• 98 QSC Annual Report 2010BALANCE SHEET DISCLOSURES14 Property, plant and equipment in K€ Network Operational Total equipment and office and plant equipment Gross value at January 1, 2009 289,238 34,887 324,125 Additions 17,554 451 18,005 Disposals (3,019) (577) (3,596) Gross value at December 31, 2009 303,773 34,761 338,534 Additions 11,345 514 11,859 Disposals (3,040) - (3,040) Reclassification (6,289) 6,289 - Gross value at December 31, 2010 305,789 41,564 347,353 Accumulated depreciation and amortization at January 1, 2009 152,132 30,965 183,097 Additions 27,794 2,757 30,551 Disposals (1,171) (130) (1,301) Accumulated depreciation and amortization at December 31, 2009 178,755 33,592 212,347 Additions 27,308 1,690 28,998 Disposals (2,079) - (2,079) Reclassification (3,996) 3,996 - Accumulated depreciation and amortization at December 31, 2010 199,988 39,278 239,266 Carrying amount at December 31, 2009 125,018 1,169 126,187 Carrying amount at December 31, 2010 105,801 2,286 108,087At December 31, 2010, the carrying amount of plant and equipment, as well as operational andoffice equipment held under financing arrangements and rent-to-own contracts totaled K€ 15,657(2009: K€ 23,826).Additions during the year amounted to K€ 11,859 (2009: K€ 18,005). As of December 31, 2010,the line item ‘Network and equipment’ included assets under construction amounting to K€ 94(2009: K€ 77).QSC presents depreciation and amortization in the income statement under ‘Cost of revenues’,‘Sales and marketing expenses’ and ‘General and administrative expenses’, respectively. Theclassification of assets within property, plant and equipment has been modified as a result ofgreater insight.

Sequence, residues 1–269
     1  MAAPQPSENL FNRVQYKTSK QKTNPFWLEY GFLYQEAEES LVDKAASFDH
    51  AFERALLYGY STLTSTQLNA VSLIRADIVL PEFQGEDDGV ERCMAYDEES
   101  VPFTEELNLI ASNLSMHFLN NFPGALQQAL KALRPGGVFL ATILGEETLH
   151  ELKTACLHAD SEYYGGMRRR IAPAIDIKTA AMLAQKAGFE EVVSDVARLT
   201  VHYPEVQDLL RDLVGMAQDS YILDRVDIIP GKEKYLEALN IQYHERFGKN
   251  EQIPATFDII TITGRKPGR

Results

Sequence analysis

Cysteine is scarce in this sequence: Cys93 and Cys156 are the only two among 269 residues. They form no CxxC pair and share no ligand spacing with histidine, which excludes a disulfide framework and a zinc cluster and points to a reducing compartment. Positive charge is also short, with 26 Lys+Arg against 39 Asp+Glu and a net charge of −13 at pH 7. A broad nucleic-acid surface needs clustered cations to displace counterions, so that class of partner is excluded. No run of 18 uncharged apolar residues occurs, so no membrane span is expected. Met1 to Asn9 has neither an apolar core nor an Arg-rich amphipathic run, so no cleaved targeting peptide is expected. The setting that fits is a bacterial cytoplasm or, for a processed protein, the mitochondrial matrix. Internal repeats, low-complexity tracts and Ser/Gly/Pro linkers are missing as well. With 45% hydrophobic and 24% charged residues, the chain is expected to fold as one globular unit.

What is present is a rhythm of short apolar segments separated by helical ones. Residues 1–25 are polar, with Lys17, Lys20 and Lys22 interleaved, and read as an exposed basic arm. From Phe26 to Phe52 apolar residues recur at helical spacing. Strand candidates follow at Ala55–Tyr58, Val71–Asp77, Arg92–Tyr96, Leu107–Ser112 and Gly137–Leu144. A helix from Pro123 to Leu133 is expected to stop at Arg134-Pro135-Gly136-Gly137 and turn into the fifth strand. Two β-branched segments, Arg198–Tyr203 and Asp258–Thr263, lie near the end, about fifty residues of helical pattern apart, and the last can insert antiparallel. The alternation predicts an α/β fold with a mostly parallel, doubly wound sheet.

• Financial Report Notes 9915 GoodwillAs in the past fiscal year, goodwill amounts to K€ 49,279.16 Impairment of goodwillGoodwill acquired in conjunction with business combinations was allocated to the followingCGUs, which were also reportable segments, for the purpose of impairment testing: in K€ 2010 Managed Services 5,720 Products 15,543 Wholesale/Resellers 28,016 Carrying amount of goodwill 49,279QSC initially determines the recoverable amount of the Group’s CGUs on the basis of a value in use,which, in turn, is measured using three-year cash flow forecasts. The latter constitutes the corpo-rate plan which is devised by the Management Board. The growth rate according to the detailedplanning period was derived on the basis of projected industry growth rates and the overall de-velopment of the economy. For all CGUs, a long-term growth rate of 1.0 percent was assumed.The capitalization interest rate utilized for discounting the expected future cash flows is 8.25 per-cent. In the past fiscal year, a capitalization interest rate of 9.25 percent was utilized. This dis-count rate reflects management’s assessment of company-specific risks and includes a base rate(risk-free and appropriate for an alternative investment according to the interest rate structurecurve at December 31, 2010) and a risk-uplift factor (reflecting the risk structure of the Groupand of the telecommunications industry in general).The calculation of the CGUs’ value in use requires management to make estimates about grossprofit, discount rate, and the development of prices and market share, which are subject to un-certainties. QSC believes that no reasonably possible change in any of the above key assumptionswould cause the CGUs’ carrying value to materially exceed its recoverable amount.